KOKOKO! is a collective born in Kinshasa capital of the Democratic Republic of Congo, a creative collision of different artists which fused at a block party. It consists of musical instrument inventors from the Ngwaka neighbourhood, electronic producer débruit, Makara Bianko (aka the Lingwala devil) and his dancers bursting forth from the Lingwala neighbourhood.
They’re best known for creating a contemporary aesthetic all their own by re-wiring and up-cycling materials such as metal, cans, engine parts and plastic containers found in Kinshasa’s streets into vital sculptural resonant dance music. Their distorted fast rhythms and spontaneous lo-fi electric sounds provide the chaotic soundtrack for the city's harsh yet abundantly creative realities.
It’s a brand new scene - radical, dangerous and thriving in a country whose political instability is felt first and most urgently on the streets of Kinshasa, an urban patchwork stretching further than the eye can see in Africa’s 3rd largest capital city. KOKOKO! is the spectacular sonic backdrop, the new, no holds barred aesthetic emanating from the downtown clubs (in between the government-imposed power cuts).
Notes for Editors
In Kinshasa the spirit of performance is multidisciplinary and collaborative, the performance artists, musicians and dancers often perform together, expressing similar sentiments and sharing the same rebellious spirit.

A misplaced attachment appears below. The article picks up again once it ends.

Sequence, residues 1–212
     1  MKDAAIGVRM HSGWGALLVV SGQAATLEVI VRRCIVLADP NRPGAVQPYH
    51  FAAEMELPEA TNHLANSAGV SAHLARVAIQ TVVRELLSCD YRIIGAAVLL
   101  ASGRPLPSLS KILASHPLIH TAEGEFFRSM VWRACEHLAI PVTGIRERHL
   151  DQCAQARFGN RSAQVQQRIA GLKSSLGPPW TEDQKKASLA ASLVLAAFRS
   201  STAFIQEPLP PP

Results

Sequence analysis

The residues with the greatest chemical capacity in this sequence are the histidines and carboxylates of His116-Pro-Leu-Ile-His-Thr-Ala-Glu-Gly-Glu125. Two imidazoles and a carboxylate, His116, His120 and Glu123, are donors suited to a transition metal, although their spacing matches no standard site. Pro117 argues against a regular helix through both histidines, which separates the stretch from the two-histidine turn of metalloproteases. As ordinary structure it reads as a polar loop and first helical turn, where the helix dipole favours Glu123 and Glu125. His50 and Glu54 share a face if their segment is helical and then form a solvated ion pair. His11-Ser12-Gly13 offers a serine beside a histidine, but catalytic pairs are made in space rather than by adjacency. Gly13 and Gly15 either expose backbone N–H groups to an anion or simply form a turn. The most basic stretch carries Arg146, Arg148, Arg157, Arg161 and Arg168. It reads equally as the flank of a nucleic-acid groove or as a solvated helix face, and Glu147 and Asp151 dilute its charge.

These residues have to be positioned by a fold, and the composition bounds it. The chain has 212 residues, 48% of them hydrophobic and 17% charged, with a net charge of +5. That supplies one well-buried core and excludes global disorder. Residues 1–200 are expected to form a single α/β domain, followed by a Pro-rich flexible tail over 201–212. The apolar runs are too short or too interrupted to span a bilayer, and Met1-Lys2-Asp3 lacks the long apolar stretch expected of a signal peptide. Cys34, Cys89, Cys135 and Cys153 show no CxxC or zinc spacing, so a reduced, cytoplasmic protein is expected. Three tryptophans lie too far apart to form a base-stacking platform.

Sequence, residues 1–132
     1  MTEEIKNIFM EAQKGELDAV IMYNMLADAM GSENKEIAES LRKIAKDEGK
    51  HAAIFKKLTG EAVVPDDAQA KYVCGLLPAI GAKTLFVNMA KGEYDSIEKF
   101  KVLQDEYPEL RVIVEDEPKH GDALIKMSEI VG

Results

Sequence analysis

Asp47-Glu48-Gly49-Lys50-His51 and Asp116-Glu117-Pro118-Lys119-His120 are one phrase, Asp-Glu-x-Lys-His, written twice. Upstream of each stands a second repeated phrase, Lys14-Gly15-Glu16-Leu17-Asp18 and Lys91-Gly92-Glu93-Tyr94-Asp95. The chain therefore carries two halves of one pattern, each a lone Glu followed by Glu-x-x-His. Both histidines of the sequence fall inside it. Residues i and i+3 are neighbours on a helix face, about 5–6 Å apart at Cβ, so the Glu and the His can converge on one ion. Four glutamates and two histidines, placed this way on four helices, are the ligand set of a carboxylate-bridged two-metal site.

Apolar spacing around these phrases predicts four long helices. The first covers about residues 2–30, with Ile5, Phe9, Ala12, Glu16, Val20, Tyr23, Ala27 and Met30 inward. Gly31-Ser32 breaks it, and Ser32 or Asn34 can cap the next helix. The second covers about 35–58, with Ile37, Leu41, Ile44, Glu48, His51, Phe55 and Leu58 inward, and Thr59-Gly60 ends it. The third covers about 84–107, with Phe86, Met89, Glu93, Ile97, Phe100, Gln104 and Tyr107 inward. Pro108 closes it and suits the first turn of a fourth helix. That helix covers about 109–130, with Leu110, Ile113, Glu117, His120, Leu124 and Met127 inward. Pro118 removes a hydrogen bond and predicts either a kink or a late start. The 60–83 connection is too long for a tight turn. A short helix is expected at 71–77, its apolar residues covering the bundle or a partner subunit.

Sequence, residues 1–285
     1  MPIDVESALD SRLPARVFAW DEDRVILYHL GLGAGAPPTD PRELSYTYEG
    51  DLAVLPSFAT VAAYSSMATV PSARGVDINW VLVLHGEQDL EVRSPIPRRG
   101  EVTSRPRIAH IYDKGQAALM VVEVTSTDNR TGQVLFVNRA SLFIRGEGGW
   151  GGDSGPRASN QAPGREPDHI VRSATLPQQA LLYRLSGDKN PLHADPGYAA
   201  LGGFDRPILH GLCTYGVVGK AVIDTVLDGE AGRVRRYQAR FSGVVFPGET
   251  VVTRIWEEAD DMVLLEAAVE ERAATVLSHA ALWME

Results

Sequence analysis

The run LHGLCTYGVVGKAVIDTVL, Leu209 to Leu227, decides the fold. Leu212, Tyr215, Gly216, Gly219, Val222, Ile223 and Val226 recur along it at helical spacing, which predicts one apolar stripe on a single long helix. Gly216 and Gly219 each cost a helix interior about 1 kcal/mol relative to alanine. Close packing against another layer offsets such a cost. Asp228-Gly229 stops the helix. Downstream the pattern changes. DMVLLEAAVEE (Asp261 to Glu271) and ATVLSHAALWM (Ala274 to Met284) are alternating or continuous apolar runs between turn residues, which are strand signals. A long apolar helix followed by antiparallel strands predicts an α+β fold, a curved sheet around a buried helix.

The wider KOKOKO! collective includes performance artists who head to busy crossroads in search of an audience in the bustling city, their gestures expressing the harsh realities of current events in the country. Their work allows them to speak out, without words, in order to express the frustrations of today and the events of the past that have driven what should be one of the richest country in the world into chaos, which richer foreign countries feed off of and exploit.
It does not escape the notice of the Congolese people that the very resources which have fuelled much of the most prosperous countries industrial and technological progress, from slaves, rubber and diamonds to the coltan powering our smartphones and Kobalt for new electric batteries, are the root cause of their own country’s suffering.